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What is Hypothalamic Amenorrhea?

written by: Emma Lloyd • edited by: Leigh A. Zaykoski • updated: 12/20/2009

Amenorrhea is the absence of one or more menstrual periods. Extended amenorrhea often has an underlying cause, such as a dysfunctional hypothalamus. In this case the condition is called hypothalamic amenorrhea.

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    Causes of Amenorrhea

    Amenorrhea is not a condition or disease in itself; rather it is a symptom which may occur as a result of many other conditions. There are two classes of amenorrhea: primary and secondary. In primary amenorrhea, the woman with the condition has not had a menstrual period by the age of 16. In secondary amenorrhea, she has stopped menstruating after previously having had periods.

    The most common reason for amenorrhea to occur is pregnancy, but there are many other causes, including medications, stress, low body weight or low body fat, hormonal imbalances, and scarring of the uterus or fallopian tubes. Some of these factors can prevent normal hypothalamus production, which may lead to amenorrhea.

    The hypothalamus is a small area in the brain that produces several hormones, one of which is involved in stimulating ovulation and other events in the menstrual cycle. In hypothalamic amenorrhea, the hypothalamus does not produce gonadotropin-releasing hormone, which results in cessation of ovulation and menstruation.

    In the long term, hypothalamic amenorrhea can lead to reduced estrogen production, which may put a woman at increased risk for heart disease and osteoporosis.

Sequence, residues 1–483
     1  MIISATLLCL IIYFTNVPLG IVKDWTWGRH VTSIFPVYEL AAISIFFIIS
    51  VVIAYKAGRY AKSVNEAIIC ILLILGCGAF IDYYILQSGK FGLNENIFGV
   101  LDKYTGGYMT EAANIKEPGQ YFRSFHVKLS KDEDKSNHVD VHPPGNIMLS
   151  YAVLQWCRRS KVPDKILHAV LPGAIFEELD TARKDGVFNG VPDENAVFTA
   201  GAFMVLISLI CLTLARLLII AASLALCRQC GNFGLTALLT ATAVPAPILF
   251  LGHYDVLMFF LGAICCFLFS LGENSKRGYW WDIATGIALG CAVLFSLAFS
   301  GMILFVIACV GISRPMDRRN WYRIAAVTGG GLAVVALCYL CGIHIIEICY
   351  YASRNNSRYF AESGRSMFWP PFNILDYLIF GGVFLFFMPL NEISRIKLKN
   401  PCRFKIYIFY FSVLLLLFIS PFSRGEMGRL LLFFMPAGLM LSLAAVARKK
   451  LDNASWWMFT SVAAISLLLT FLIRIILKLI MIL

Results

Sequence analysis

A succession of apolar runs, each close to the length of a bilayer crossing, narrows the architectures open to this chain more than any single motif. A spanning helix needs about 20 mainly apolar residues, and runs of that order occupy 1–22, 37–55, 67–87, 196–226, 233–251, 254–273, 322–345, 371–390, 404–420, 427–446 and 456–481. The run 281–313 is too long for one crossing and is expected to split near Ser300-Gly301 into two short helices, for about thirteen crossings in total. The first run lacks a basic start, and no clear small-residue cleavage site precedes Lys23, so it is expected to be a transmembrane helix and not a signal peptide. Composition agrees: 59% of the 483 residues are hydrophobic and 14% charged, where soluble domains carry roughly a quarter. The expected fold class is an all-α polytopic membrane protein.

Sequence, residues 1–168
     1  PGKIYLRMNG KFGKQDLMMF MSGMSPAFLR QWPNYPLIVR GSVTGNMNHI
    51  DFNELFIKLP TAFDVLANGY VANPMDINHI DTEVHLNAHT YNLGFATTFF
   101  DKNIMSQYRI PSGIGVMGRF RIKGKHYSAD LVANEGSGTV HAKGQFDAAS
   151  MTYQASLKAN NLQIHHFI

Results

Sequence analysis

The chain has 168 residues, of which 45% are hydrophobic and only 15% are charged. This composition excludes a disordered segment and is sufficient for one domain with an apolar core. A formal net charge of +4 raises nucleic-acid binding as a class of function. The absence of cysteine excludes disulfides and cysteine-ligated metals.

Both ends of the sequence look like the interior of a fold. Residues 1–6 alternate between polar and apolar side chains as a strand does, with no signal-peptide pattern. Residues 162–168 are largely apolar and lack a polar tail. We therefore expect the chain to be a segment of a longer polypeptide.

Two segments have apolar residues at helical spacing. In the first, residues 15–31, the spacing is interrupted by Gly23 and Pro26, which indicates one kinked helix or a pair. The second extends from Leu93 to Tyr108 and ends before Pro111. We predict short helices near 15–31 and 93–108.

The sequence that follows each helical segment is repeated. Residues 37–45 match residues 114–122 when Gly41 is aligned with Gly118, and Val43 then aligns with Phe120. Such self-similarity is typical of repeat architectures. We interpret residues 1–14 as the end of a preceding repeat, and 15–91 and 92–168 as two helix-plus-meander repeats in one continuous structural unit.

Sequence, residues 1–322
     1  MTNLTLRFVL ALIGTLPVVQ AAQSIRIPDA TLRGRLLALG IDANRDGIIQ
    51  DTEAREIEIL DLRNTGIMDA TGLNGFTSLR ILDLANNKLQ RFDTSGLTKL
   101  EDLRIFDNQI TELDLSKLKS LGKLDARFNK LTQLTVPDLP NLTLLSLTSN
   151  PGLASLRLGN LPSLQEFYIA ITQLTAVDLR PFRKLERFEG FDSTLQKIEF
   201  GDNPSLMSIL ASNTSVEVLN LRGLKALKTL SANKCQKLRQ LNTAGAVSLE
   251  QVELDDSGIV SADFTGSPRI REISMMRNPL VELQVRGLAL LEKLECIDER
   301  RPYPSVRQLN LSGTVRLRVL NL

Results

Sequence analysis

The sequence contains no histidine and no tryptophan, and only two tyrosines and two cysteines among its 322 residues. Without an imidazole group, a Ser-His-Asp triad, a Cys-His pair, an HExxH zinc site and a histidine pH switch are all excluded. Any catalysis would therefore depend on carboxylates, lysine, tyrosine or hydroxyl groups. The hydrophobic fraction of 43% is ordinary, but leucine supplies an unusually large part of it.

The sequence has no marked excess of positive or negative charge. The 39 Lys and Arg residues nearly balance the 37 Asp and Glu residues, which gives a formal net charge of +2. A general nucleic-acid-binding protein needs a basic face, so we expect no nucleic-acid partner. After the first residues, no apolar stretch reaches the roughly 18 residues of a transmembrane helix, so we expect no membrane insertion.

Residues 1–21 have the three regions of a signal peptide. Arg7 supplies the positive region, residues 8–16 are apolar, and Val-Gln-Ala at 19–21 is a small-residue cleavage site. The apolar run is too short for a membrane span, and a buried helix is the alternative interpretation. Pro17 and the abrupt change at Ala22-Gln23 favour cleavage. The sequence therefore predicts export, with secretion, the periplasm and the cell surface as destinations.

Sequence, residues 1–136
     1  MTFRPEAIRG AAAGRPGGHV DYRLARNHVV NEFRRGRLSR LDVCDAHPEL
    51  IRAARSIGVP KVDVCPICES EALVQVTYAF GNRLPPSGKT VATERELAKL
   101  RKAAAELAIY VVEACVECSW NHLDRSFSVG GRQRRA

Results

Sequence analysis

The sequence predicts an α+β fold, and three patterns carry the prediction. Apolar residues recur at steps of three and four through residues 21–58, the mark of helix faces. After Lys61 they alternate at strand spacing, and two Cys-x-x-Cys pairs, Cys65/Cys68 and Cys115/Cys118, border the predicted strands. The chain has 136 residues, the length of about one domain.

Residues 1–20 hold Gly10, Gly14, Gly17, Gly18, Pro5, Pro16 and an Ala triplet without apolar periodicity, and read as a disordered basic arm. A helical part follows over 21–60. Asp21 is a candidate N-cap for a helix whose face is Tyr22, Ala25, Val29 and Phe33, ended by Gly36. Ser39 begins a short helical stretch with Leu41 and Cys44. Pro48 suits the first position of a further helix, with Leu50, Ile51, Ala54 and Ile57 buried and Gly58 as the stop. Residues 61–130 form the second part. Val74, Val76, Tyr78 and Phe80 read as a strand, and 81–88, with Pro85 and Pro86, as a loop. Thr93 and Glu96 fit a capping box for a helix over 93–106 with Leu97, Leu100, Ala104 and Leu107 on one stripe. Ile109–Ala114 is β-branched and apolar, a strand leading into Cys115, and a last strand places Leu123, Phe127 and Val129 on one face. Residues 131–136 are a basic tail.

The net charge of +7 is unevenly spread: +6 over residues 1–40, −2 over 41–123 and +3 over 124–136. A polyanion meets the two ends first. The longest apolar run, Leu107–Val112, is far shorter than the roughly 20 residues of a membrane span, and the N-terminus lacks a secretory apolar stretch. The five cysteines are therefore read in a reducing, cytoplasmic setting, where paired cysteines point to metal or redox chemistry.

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    Diagnosis and Treatment for Hypothalamic Amenorrhea

    Diagnosis of amenorrhea caused by hypothalamus dysfunction is often a process of elimination that might involve a lengthy series of tests. These can include a CT scan, x-ray, ultrasound, or MRI scan, and hormonal studies that test levels of hormones involved in ovulation and menstruation.

    Amenorrhea due to hypothalamus dysfunction is most often caused by physical factors, but sometimes psychological factors such as stress are involved. When the cause of the condition is a factor such as excessive exercise, low body weight, or stress, it may be reversed by modifying the lifestyle to reduce the impact of such factors on the body. In some cases, hormone therapy may be able to stimulate hypothalamus production of needed hormones.

    Occasionally, the condition may be caused by the presence of a tumor in the hypothalamus. In these cases the only effective treatment is often removal of the tumor, either with surgery or with radiation therapy or chemotherapy.

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    References

    Advanced Fertility Center of Chicago: Secondary Amenorrhea

    National Institute of Health MedlinePlus: Primary Amenorrhea

    The Mayo Clinic: Amenorrhea

    Vaishali Popat, MD, MPH for eMedicine.com: Primary Amenorrhea